Here are some of the pictures I snapped at the parade:

These girls were with a Latin American group. Many Okinawans immigrated to South America especially and there is a strong Latin culture here.

Young and old alike took part in the parade. The older women were quick with a smile to a "gaijin" with a camera!

I don't know what was up with this group. They had a fun and slightly weird performance and must have been high schoolers. Every time I put up my camera they would stop and everyone would jump into the photo.

Cute little girls dressed up and performing for the crowd. The kids in this parade were positively adorable.

Here's the tug of war rope from above. Definitely not as big as the one used at the Naha Matsuri. I wasn't sticking around to get smothered by a crowd again.

Eisa Drumming in Koza

I have been here over three months now and I witnessed Eisa drumming my very first weekend here. Since then, I have seen it done numerous times and each time, there is something about the music that stirs the Okinawan spirit in me. Amazing.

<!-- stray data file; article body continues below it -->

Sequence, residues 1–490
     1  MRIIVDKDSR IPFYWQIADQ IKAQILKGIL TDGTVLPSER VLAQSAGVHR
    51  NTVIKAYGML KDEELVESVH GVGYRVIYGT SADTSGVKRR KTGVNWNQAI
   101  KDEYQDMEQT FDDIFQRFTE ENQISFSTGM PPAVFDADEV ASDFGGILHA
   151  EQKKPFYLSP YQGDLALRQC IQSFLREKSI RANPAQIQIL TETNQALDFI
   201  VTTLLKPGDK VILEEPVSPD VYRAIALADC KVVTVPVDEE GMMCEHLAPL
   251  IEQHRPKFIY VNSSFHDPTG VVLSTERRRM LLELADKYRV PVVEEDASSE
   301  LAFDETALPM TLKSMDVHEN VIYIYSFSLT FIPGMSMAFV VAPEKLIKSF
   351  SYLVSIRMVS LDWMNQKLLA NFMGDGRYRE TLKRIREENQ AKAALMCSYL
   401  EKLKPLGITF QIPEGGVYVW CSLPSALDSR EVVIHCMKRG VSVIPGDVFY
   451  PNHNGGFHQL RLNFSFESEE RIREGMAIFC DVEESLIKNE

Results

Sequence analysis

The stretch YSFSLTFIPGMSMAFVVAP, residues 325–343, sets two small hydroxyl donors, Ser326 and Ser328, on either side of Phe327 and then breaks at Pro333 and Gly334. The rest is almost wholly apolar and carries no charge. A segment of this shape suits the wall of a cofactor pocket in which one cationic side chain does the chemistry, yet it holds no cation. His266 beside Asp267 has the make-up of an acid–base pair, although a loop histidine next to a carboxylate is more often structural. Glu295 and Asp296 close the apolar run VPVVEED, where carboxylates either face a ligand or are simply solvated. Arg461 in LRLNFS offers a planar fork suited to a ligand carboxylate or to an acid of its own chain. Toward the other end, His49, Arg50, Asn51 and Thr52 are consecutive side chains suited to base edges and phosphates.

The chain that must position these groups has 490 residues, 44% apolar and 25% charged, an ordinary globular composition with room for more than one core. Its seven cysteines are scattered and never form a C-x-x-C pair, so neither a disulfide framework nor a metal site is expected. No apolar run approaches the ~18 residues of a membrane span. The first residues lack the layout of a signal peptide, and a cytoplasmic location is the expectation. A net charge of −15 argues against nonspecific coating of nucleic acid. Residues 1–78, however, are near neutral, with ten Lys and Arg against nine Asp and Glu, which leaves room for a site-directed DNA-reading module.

Friday, November 03, 2006

Happy Culture Day!

Happy what?! Exactly. All I know is that it got me out of a day of school, so I want to send out some warm culture wishes. To celebrate, another ALT in the very northern part of Okinawa had a BBQ last night. I caught a ride with a really nice Hawaiian girl, Jenna, for the semi-long drive up the coast of the island. It was completely dark, but I could tell that it was beautiful and vastly different from my part of Okinawa. We got a bit lost thanks to too much talking and not enough speed limit sign counting. Yes, speed limit sign counting. No signs in this part of the island. We got there a bit later than everyone else, but had a great night hanging out with other teachers. At one point we ended up on the roof of the building talking and sitting right across the road from the ocean. The waves were amazing in the night. There's one of those surreal moments that keeps things interesting. And another great sight was nine people sleeping in Jenny's apartment. There wasn't an extra inch of tatami, yet everyone was comfortable and slept well until the school across the road started blasting "Jesu, Joy of Man's Desiring" at eight in the morning. Apparently they didn't get the memo that there was no school today.